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Jerry asked:

I’m a 22 year old university student, double-majoring in philosophy and computer science, about to enter my senior year. I find my philosophy classes intellectually stimulating and enjoyable, my computer science classes somewhat difficult and tedious. Wary of the job market for philosophers, my original plan was to find work in the computer science field, but this prospect is becoming less appealing with each course. Can you offer any guidance for a would-be philosopher looking to make himself employable in the real world?

Answer by Geoffrey Klempner

I wrote an answer on this topic a while ago (see http://www.philosophypathways.com/questions/answers_46.html#34). That would have been before the ‘Ask a Philosopher’ WordPress site was launched, around 2011. So it’s worth looking at the question again.

You can compare this answer with the previous one. I said then, ‘There seems to me something very wrong with society. Our values are all screwed up. Materialism is rampant. But if you want to swim against the stream, be aware that it is not an easy option.’ However, let’s assume that you want a decent-sized family, not to mention a nice family car, a good standard of living, in other words a good income.

So far as employability is concerned you’d be surprised to learn that Philosophy is right up there with the wide range of jobs in computing. You’d have to make more of an effort to sell yourself to an employer, make the case why your training in Philosophy is useful to them. An ad agency, for example. Or commodities trading. Could you do it? Do you relish the challenge? All that’s required is self-belief and a modicum of chutzpah.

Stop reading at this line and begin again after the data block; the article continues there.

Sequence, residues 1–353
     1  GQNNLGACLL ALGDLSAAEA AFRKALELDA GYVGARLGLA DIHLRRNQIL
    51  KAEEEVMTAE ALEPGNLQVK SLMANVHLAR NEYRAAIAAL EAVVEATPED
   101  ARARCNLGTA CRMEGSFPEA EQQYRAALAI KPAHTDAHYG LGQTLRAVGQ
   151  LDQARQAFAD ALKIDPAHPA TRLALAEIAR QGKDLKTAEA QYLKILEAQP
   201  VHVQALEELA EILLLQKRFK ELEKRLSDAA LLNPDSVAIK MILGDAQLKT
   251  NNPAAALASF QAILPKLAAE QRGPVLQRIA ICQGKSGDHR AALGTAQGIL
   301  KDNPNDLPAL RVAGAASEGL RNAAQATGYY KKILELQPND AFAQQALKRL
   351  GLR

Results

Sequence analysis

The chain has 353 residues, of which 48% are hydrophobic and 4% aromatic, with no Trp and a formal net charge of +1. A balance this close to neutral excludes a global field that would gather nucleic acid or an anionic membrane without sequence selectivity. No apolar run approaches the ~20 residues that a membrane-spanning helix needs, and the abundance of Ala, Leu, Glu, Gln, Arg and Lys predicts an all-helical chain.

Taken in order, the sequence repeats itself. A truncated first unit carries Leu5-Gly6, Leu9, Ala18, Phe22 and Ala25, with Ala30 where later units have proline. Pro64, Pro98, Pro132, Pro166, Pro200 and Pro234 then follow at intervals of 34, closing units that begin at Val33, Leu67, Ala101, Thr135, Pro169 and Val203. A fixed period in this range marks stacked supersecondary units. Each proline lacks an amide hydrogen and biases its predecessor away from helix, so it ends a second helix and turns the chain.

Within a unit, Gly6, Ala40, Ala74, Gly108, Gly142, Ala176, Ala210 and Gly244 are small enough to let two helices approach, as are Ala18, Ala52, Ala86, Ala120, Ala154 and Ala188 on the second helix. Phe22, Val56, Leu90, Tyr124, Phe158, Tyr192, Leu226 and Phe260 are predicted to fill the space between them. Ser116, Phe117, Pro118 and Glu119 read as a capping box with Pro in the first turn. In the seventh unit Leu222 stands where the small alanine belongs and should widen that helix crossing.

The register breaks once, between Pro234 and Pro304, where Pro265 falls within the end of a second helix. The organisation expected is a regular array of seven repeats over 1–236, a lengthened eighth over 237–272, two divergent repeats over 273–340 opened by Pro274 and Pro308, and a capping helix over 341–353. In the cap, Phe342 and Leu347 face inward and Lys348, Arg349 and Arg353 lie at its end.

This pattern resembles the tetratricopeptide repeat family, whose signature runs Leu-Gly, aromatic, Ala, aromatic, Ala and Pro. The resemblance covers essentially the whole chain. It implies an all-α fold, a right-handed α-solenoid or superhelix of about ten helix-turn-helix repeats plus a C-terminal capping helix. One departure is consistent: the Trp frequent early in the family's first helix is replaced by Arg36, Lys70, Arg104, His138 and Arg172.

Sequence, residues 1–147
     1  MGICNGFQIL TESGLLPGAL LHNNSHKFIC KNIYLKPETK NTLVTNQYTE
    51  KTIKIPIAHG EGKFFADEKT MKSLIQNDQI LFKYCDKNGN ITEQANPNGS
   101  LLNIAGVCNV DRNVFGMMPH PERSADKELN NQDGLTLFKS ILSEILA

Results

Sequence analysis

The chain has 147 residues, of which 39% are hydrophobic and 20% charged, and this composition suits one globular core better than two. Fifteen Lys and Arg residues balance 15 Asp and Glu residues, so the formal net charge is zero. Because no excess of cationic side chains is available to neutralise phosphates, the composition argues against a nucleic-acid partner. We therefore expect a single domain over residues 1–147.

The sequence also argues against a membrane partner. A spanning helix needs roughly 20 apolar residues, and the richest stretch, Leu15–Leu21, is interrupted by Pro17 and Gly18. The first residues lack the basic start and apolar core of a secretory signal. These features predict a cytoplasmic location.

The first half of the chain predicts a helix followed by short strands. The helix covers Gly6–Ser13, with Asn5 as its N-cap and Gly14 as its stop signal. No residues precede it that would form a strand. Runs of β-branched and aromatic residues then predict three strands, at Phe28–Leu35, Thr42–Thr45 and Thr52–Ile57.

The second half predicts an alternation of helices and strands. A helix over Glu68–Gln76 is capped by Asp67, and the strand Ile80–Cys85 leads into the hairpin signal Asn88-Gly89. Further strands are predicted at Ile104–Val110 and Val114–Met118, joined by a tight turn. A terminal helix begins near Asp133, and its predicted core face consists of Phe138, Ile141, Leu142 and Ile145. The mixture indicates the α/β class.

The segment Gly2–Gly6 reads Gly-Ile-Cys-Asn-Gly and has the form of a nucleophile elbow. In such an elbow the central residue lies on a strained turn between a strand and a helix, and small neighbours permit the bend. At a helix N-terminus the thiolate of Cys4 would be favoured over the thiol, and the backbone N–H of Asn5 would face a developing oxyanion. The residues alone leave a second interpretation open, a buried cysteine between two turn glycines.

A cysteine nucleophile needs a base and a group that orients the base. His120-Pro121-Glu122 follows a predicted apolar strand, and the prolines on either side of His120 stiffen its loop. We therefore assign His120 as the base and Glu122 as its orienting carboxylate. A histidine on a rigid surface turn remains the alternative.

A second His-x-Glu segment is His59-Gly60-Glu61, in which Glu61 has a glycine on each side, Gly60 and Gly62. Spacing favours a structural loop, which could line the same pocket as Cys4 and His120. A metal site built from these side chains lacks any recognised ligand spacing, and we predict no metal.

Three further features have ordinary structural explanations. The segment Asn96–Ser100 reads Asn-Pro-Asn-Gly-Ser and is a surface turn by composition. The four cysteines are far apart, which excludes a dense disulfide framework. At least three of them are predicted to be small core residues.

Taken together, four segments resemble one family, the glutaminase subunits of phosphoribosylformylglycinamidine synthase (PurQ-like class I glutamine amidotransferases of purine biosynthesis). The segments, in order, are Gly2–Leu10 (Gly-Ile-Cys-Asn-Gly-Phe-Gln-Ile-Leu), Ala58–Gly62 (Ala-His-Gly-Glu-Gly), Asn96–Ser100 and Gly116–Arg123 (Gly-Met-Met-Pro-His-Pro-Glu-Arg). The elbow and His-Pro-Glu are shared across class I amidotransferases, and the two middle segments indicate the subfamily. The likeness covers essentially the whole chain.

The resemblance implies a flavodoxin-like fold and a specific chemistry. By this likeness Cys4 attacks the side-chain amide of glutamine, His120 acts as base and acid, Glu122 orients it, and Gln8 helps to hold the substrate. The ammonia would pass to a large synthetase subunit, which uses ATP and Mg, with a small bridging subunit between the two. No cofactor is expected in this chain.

You’re not seriously considering an academic career, are you? Please, don’t. One of the great scandals of the academic world is the slag heap of wasted talent, Philosophy PhDs hired for a year, or two at the most, then unable to get a job because university departments are on a tight budget and either can’t commit to a longer-term post, or, more cynically, can get the pick of the latest crop of PhDs for less money.

Philosophy and computing looks like a promising combination for the AI field. Problem is, the AI people need ‘true believers’, they don’t want to hear all the reasons why their project might end in abject failure. The mentality, ‘If it walks and quacks like a duck, then it must be a duck,’ prevails regardless of the fact that, in principle, a Turing Test can be beaten with a large enough look-up table or Eliza program.

Philosophy has always had a use for logic, but logic worshippers have no place in philosophy. Sad to say, the discipline is dying now because of a lack of imagination and a surfeit of ‘logic’.

I say, stick to your guns but put as much effort as you can into your computer science classes. Don’t look for an easy way out. It’s always good to have a second string!

Santi asked: